Floodgate’s Mike Maples — an investor in Twitter, Digg and Lyft — made the jump from entrepreneur to venture capitalist in 2006. He gave himself three years to make a go of it and promised himself that he wasn’t going to fall back on reliving his entrepreneur glory days, he reflected at tonight’s PandoMonthly event in San Francisco.
“Most VCs lose money. Most just suck at it,” Maples said. “Every job has a one percent.”
The key to being a good VC, Maples thought, was remembering what it was like to be the one in the founder’s seat and respecting those pressures. “When I was a founder I hardly thought about my VCs. I was doing real company stuff. If I’d asked [Breyer Capital’s] Jim Breyer how I should recruit people, I would have felt weak sauce, like I was lame,” he said. “The best VCs I’ve seen in the business act as if they’re working with a strong founder.”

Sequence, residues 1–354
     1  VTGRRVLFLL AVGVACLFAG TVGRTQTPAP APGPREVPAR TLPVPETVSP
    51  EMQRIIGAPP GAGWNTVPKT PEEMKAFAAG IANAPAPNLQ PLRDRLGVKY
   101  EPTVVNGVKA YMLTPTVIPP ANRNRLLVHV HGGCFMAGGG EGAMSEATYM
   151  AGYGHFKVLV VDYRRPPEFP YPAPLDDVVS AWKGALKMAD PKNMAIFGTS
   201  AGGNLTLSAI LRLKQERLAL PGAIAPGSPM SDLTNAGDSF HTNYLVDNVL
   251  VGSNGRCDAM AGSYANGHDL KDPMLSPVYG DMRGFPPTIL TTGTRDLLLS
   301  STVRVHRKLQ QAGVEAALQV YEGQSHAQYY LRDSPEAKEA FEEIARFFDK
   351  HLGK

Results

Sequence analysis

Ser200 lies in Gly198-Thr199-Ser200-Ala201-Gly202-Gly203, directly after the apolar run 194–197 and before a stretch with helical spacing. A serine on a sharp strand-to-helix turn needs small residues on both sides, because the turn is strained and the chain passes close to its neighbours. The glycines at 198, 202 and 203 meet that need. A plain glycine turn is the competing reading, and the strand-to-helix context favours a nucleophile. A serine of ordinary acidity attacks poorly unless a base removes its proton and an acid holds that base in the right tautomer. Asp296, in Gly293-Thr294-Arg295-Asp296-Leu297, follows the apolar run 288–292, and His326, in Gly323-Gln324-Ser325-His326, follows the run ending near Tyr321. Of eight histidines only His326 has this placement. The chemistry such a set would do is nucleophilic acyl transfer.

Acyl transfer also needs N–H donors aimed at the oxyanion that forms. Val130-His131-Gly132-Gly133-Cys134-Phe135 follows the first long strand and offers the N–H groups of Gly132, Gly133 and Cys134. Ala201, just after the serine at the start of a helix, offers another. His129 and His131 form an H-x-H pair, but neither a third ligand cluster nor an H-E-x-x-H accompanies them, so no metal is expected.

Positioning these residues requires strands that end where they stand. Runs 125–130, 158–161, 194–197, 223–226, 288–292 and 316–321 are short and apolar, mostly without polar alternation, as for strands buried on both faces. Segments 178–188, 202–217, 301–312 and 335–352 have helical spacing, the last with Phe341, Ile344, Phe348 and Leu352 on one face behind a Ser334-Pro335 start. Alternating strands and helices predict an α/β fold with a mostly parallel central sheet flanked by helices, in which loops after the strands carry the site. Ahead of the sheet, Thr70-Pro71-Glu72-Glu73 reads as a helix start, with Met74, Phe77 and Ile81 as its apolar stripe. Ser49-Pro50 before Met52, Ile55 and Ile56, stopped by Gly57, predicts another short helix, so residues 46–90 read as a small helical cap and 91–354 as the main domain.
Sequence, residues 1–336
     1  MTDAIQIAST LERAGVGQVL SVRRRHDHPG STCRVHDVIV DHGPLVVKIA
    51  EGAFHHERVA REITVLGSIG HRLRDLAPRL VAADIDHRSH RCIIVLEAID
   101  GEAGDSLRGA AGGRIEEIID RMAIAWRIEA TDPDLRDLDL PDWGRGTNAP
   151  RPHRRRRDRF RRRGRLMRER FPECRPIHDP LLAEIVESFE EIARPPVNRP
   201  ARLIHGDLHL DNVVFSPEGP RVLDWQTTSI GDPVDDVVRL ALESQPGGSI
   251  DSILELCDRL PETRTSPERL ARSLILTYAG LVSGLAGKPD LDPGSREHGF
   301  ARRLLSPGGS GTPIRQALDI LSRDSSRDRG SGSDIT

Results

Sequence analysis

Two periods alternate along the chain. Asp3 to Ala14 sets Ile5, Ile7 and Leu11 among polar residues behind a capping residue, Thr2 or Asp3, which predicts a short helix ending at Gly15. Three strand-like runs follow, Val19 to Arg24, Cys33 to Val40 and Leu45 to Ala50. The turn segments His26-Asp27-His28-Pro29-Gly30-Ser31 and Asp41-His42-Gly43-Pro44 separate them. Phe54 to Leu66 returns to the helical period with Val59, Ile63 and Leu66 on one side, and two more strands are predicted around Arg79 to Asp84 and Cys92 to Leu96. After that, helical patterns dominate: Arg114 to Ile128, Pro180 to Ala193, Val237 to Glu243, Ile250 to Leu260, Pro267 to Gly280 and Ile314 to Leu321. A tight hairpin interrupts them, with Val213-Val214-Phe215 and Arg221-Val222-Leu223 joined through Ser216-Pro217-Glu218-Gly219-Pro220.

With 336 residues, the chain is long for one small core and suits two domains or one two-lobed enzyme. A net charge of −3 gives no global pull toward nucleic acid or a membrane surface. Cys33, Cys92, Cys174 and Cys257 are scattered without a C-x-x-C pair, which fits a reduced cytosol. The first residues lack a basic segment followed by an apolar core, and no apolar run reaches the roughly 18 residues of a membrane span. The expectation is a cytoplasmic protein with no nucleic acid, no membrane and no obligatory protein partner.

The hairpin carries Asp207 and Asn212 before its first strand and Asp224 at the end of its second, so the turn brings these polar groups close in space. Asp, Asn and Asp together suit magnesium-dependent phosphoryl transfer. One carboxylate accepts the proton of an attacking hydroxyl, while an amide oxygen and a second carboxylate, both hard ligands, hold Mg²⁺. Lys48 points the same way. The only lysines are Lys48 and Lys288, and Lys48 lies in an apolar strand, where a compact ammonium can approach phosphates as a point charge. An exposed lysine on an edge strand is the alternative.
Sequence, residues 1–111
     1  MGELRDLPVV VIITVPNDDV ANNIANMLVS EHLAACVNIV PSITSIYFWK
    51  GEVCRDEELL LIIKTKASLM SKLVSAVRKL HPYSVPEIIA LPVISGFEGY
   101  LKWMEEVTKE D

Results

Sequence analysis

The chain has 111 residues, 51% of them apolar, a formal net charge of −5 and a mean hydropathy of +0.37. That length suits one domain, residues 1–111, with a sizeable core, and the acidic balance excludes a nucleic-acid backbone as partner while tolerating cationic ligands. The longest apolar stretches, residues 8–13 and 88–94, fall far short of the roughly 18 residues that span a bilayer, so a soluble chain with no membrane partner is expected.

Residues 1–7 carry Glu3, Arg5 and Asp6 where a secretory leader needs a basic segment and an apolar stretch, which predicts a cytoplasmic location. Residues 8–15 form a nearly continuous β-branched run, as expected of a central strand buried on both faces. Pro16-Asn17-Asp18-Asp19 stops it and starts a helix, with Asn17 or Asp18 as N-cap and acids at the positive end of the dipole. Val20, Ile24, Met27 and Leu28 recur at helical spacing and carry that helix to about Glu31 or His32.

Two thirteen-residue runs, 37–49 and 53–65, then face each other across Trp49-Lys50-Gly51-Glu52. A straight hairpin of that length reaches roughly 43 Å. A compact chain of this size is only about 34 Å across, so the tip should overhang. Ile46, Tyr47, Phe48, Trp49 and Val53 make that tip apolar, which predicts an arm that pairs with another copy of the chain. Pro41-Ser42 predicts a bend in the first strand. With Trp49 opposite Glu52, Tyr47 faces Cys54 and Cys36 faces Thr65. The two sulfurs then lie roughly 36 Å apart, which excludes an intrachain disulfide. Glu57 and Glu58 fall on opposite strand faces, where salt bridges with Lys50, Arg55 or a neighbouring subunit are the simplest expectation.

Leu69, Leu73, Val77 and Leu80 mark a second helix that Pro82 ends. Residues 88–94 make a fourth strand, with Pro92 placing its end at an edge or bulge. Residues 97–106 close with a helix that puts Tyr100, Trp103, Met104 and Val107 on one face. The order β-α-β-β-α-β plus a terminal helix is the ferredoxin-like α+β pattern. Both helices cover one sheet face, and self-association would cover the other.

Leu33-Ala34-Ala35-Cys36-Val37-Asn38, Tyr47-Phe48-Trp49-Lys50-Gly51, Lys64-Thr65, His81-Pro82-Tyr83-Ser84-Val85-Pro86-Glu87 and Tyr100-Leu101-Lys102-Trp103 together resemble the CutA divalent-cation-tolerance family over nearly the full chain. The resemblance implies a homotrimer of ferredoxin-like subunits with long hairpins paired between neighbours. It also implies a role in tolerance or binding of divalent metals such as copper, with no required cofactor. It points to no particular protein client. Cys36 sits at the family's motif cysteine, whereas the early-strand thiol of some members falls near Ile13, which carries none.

Crossing over from operating a business to being a VC is more complicated than people gave it credit. “The fundamental thing I realized is that most operators are not great VCs. When you’re an operator you make deals. When you’re a VC you’re a buyer,” Maples said.
“Most people suck at this and if you don’t get your head on straight you’re gonna suck.”
The divining factor, Maples thought, was establishing the right level of control and power dynamic between VC and founder. “The entrepreneur is going to do what they want. The operator is going to do what they do,” he said.
“The fun is backing great founders. You need to get comfortable with riding shotgun. If you’re not ok with that, you’re in the wrong line of work. I want for them to call me. I don’t really think about it as ‘I’m an owner,’” Maples said.
“The idea that the founder reports to the VC doesn’t jive with my experience. My role at Twitter was to say something so they can do the opposite. If it works, awesome.”
[photo by Brad Jonas for Pando]